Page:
Many people have been overpaid tax credits
The tax credit system has been criticised for "completely unacceptable" errors, with one third of recipient families having been overpaid, according to a new report.
Many people in receipt of tax credit have told the BBC News website that they are still having problems - and are becoming increasingly frustrated and, in some cases, even desperate.
BBC News website offers some guidance.
I've been overpaid. What should I do?
If you have been overpaid, and expect your income for the current tax year to rise by more than £2,500, you must tell the HMRC.
But in the 2005 pre-Budget report it was announced that this threshold would rise to £25,000 in 2006.
You can either contact the tax credit helpline or write in to: HM Revenue & Customs Tax Credits, Comben House, Farriers Way, Netherton, L69 1BY.
The tax credit helpline number is 0845 300 3900.
You must also tell HMRC about a number of other changes in circumstance.
More details are available in WTC2 - Child Tax Credit and Working Tax Credit - A Guide, available on the HMRC's website.
I'm worried about debt. Where can I turn?
If you are worried about debt, there are a number of free debt advice agencies which can help you.
Try Consumer Credit Counselling Service (0800 1381111), National Debtline (0808 8084000) or Citizens Advice (020 7833 2181).
I want compensation for extra costs. I have got a query which can't wait, and I can't get through to the helpline?
The government has told BBC News that it will not set up a separate compensation scheme for tax credits.
2. Local Director
3. Adjudicators' Office
4. Parliamentary Ombudsman
Instead, claims will be processed through the Revenue's standard complaints procedure.
The compensation scheme is not well publicised.
However, it could be a lifeline to people who have incurred extra costs, such as financial charges or telephone costs as a result of mistakes made by the HMRC.
The HMRC can also offer compensation for worry and distress if it can be proved that mistakes and delays have caused a "great deal of inconvenience or irritation".
In addition, it could pay out if it handled a complaint badly or took an unreasonable time to deal with it.
Payments tend to range between £25 and £500 in these two categories.
Remember that payments are not automatic - and it will be up to the Revenue to decide on whether your case is valid.
If you want to complain, you need to download a copy of Code of Practice 1, can be found under the site index or the "Leaflets and Booklets" section on the Revenue's website.
I need my tax credit money urgently - and haven't received it yet. How can I get it?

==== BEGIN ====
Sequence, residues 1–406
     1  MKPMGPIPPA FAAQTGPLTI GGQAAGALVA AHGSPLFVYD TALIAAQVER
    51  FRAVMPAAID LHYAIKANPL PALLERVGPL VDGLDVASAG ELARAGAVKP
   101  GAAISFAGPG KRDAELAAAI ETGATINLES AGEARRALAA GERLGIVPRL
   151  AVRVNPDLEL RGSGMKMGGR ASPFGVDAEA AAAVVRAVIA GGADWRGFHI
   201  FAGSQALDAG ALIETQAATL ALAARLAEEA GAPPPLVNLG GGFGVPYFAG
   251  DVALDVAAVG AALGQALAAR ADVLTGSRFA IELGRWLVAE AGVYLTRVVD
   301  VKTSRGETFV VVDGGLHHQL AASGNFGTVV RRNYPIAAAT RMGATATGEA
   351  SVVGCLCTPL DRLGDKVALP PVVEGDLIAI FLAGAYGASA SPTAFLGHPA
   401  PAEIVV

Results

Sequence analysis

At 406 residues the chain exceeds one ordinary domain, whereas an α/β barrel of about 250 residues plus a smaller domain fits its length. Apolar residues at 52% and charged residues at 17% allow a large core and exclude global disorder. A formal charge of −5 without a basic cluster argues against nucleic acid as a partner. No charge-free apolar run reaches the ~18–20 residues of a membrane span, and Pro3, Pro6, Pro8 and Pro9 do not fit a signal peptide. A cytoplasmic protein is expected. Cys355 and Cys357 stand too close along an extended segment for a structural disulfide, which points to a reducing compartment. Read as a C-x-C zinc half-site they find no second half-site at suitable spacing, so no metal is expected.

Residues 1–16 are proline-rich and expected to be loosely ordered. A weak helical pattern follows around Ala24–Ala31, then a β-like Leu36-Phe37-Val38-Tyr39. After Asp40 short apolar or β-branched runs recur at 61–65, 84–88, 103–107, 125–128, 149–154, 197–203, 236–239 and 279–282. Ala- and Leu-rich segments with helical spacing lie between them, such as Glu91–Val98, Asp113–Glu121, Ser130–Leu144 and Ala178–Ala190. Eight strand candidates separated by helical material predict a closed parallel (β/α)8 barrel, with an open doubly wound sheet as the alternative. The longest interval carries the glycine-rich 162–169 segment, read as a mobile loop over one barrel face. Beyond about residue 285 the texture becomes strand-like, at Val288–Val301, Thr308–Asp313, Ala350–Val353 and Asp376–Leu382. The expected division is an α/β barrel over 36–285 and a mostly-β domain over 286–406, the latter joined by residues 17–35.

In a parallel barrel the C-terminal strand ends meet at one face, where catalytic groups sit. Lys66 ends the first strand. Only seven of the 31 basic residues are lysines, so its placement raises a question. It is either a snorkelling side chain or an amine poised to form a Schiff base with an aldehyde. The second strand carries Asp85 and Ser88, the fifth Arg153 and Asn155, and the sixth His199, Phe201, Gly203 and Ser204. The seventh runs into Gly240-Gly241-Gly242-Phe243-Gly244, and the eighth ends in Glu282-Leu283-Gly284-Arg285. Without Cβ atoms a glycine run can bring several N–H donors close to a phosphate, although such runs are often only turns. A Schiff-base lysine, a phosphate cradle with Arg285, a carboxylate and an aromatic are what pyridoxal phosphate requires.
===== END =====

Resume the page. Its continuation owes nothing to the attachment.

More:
If your money has not arrived, the HM Revenue & Customs (HMRC) is advising people to go down to their local inquiry centre - and try and get an emergency payment.
You can find out about where the office is on the HMRC website (see link on right).
You need to take your awards notice with you.
If you haven't received it yet, you should take confirmation of your national insurance number, such as an NI card or payslip.
In these cases, assessment will be based on individual circumstances, the HMRC said, and hardship.
Be prepared for a patient wait, though. Most tax offices are still extremely busy handling similar queries.
I have got a query which can't wait, and I can't get through to the helpline?
You could go down to your local HMRC Inquiry Centre.
Location details are on the HMRC's website (see link).
Take your awards notice with you. If you haven't received it yet, you should take confirmation of your national insurance number, such as an NI card or payslip.
Alternatively, you could contact your MP.
MPs and their researchers have their own little-known-about "tax credit" hotline to help constituents with complaints.
By contacting your MP you can effectively fast track your query.
You can find out how to contact your MP via the link on the right, through the parliament website, or by dialling the House of Commons switchboard on 020 7219 3000, and asking for the MP's office.
If you have problems with your MP not responding to your queries, you should address your complaint to the party's headquarters.
I'm being underpaid. How can I get more credit?/CPS:STYLE>
Your tax credit payment is currently based on your income two years' ago.
This means some people will be missing out, because their income has dropped, for example, through a change in circumstance, such as redundancy.
The Revenue says contacting the helpline is the best route, but if people can not get through, they should visit their local enquiry centre.
For more details see WTC2 - Child Tax Credit and Working Tax Credit - A Guide, available on the HMRC's website.